Lauri Allan Törni (28 May 1919 – 18 October 1965), later known as Larry Alan Thorne, was a Finnish soldier who fought under three flags: as a Finnish Army Second Lieutenant of the Fourth Independent Jäger Infantry Battalion against the Soviets in the Winter War and the Soviet-Finnish sub-theater of World War II known as the Continuation War; as a German Army Captain (under the alias Larry Lane) of the Finnish Volunteer Battalion of the Waffen-SS when he fought the Soviets on the Eastern Front in World War II; and as a United States Army Captain (under the alias “Larry Thorne”) when he served in the U.S. Army Special Forces in the Vietnam War.
Törni died in a helicopter crash during the Vietnam War and he was promoted to the rank of Major posthumously. His remains were located three decades later and then buried in Arlington National Cemetery; he is the only former member of the Waffen SS to be interred there.
Lauri Törni during WW2
During the battles at Lake Ladoga, Törni took part in the destruction of the encircled Soviet divisions in Lemetti.
His performance during these engagements was noticed by his commanders, and toward the end of the war, he was assigned to officer training where he was commissioned a Vänrikki (2nd lieutenant) in the reserves.
After the Winter War, in June 1941, Törni went to Vienna, Austria for seven weeks of training with the Waffen-SS, and returned to Finland in July; as a Finnish officer, the Germans recognized him as an Untersturmführer. Most of Törni’s reputation was based on his successful actions in the Continuation War (1941–44) between the Soviet Union and Finland. In 1943 a unit informally named Detachment Törni was created under his command. This was an infantry unit that penetrated deep behind enemy lines and soon enjoyed a reputation on both sides of the front for its combat effectiveness. One of Törni’s men was the future President of Finland Mauno Koivisto. Koivisto served in a reconnaissance company under Törni’s command during the Battle of Ilomantsi, which was the final Finnish-Soviet engagement of the Continuation War during July and August 1944. Törni’s unit inflicted such heavy casualties on Soviet units that the Soviet Army placed a bounty on his head of 3,000,000 Finnish marks. He was decorated with the Mannerheim Cross on 9 July 1944.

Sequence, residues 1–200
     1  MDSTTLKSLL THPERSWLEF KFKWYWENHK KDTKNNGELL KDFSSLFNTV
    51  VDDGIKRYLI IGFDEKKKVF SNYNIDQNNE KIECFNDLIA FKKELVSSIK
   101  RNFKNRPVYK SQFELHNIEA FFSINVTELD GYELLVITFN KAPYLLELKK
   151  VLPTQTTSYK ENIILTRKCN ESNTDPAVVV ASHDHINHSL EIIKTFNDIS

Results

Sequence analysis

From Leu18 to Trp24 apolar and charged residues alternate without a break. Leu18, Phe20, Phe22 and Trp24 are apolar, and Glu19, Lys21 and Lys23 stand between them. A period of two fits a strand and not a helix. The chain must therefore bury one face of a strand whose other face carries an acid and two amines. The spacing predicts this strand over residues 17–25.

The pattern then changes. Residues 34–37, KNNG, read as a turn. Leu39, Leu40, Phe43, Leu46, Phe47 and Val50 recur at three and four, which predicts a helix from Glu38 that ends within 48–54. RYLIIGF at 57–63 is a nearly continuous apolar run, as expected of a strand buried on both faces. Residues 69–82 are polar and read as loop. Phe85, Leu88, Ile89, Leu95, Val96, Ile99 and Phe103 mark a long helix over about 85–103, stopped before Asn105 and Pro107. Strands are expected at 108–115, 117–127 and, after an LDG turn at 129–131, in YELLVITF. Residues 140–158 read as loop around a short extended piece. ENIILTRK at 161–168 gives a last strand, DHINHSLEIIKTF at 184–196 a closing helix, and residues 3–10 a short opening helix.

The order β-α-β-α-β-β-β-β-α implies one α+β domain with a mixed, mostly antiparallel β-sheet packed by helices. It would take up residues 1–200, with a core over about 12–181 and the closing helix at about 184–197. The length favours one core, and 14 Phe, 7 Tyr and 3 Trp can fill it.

Shoulder patch of Detachment Törni
The September 1944 Moscow Armistice required Finland to remove German troops from its territory, resulting in the Lapland War; during this period, much of the Finnish Army was demobilized, including Törni, leaving him unemployed in November 1944. In January 1945, he was recruited by a pro-German resistance movement in Finland and left for saboteur training in Germany, and to organize resistance in case Finland was occupied by the Soviet Union. The training was prematurely ended in March, but as Törni could not secure transportation to Finland, he joined a German unit to fight Soviet troops near Schwerin, Germany.
The End of WW2
Lauri Törni surrendered to American and British troops in the last stages of World War II and eventually returned to Finland in June 1945 after escaping a British POW camp in Lübeck, Germany.
As his family had been evacuated from Karelia, Törni sought to rejoin them in Helsinki but was arrested by Valpo, the Finnish state police. After escaping, he was arrested a second time in April 1946 and tried for treason for having joined the German Army. After a trial from October to November, he received a 6-year sentence in January 1947. Imprisoned at the Turku provincial prison, Törni escaped in June but was recaptured and sent to the Riihimäki State Prison. Finnish President Juho Paasikivi granted him a pardon in December 1948.